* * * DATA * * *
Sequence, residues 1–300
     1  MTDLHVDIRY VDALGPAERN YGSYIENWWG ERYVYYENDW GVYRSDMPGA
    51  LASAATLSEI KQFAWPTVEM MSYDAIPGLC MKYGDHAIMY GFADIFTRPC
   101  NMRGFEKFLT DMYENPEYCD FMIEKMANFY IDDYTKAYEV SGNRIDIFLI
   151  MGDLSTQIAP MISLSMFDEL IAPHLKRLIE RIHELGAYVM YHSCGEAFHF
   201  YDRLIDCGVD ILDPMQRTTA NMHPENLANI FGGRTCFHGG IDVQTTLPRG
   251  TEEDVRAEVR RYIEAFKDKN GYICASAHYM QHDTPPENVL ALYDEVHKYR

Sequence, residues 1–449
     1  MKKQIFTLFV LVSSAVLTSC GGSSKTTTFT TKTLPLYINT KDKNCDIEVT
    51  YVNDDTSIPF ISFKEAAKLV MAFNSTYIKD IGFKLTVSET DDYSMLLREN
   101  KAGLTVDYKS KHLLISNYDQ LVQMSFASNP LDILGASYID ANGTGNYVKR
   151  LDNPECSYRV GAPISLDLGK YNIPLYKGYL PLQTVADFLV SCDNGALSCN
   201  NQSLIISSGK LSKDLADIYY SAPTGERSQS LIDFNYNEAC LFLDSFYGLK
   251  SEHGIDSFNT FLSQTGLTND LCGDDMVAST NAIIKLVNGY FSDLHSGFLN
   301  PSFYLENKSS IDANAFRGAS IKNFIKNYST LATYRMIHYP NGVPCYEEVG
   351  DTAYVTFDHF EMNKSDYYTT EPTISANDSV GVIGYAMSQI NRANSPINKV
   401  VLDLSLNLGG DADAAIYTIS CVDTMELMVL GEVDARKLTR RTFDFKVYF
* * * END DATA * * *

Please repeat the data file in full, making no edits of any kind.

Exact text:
Sequence, residues 1–300
     1  MTDLHVDIRY VDALGPAERN YGSYIENWWG ERYVYYENDW GVYRSDMPGA
    51  LASAATLSEI KQFAWPTVEM MSYDAIPGLC MKYGDHAIMY GFADIFTRPC
   101  NMRGFEKFLT DMYENPEYCD FMIEKMANFY IDDYTKAYEV SGNRIDIFLI
   151  MGDLSTQIAP MISLSMFDEL IAPHLKRLIE RIHELGAYVM YHSCGEAFHF
   201  YDRLIDCGVD ILDPMQRTTA NMHPENLANI FGGRTCFHGG IDVQTTLPRG
   251  TEEDVRAEVR RYIEAFKDKN GYICASAHYM QHDTPPENVL ALYDEVHKYR

Sequence, residues 1–449
     1  MKKQIFTLFV LVSSAVLTSC GGSSKTTTFT TKTLPLYINT KDKNCDIEVT
    51  YVNDDTSIPF ISFKEAAKLV MAFNSTYIKD IGFKLTVSET DDYSMLLREN
   101  KAGLTVDYKS KHLLISNYDQ LVQMSFASNP LDILGASYID ANGTGNYVKR
   151  LDNPECSYRV GAPISLDLGK YNIPLYKGYL PLQTVADFLV SCDNGALSCN
   201  NQSLIISSGK LSKDLADIYY SAPTGERSQS LIDFNYNEAC LFLDSFYGLK
   251  SEHGIDSFNT FLSQTGLTND LCGDDMVAST NAIIKLVNGY FSDLHSGFLN
   301  PSFYLENKSS IDANAFRGAS IKNFIKNYST LATYRMIHYP NGVPCYEEVG
   351  DTAYVTFDHF EMNKSDYYTT EPTISANDSV GVIGYAMSQI NRANSPINKV
   401  VLDLSLNLGG DADAAIYTIS CVDTMELMVL GEVDARKLTR RTFDFKVYF